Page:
• Timothy Lane says:

          Actually, when it’s convenient, atheists will claim that such ideologies as Communism are religions, so that all their crimes can be used to smear the churches they opposed. Of course, they will never admit that their ideology is a religion. Self-awareness is at a minimum for liberals.

          • Brad Nelson Brad Nelson says:

            Exactly. And that’s a disingenuous technique. It’s about as honest as saying, “All harmful ideologies come from having ideas.”

            Only a simpleton could believe the formula of “religion equals bad” therefore “non-religion equals good.” But that’s the, err, religious belief many have. The Cult of Reason is not unlike the Cult of Man during the French Revolution.

        • What an interesting comment, Brad. Well said, indeed. It reminds me of G.K.Chesterton’s essay “The Maniac,” in which he contends that it is reason that drives men mad. http://www.leaderu.com/cyber/books/orthodoxy/ch2.html

          Faith, being the main way we ever learn anything, is common to all men. It is the object of the faith and how well one knows the object of one’s faith that matters. I can have all the faith in the world in The Great Pumpkin, but that will not endow GP with any powers. But if one puts his faith in someone who has earned that faith, that trust, then nothing could be more sane.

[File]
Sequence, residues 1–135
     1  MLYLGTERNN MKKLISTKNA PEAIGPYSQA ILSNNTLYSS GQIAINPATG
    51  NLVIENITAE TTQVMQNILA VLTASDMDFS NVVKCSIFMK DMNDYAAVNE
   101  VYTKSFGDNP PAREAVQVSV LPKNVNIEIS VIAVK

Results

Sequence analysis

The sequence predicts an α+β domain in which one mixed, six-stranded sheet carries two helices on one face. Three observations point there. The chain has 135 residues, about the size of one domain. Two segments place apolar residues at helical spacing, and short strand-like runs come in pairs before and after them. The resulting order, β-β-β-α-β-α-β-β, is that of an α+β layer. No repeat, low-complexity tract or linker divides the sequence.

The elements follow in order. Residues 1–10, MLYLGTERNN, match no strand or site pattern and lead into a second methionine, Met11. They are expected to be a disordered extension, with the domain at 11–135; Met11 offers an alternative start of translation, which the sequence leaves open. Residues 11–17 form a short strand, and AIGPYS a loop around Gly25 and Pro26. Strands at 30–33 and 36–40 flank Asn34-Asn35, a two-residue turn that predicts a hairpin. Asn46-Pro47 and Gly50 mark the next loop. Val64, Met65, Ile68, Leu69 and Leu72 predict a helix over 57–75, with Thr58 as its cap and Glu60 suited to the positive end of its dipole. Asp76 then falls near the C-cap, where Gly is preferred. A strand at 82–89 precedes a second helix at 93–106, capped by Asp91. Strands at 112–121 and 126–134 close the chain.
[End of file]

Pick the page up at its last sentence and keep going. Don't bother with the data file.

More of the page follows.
As for religion: I will always contend that Christianity is not a religion. Christianity is not the efforts of creatures to please their creator. It is the creatures’ trusting acceptance of what He has done for them. “For by grace we are saved through faith, and that not of yourselves; it is the gift God, and not works, lest any man should boast.”

          • Brad Nelson Brad Nelson says:

            Thanks for the G.K. link, Deana.

            I get the general idea of “You don’t see to believe, you believe to see.” Having been gifted with more of a logic-based brain, I parse things a little bit differently. And thus it will probably always be. But you never know.

            • Timothy Lane says: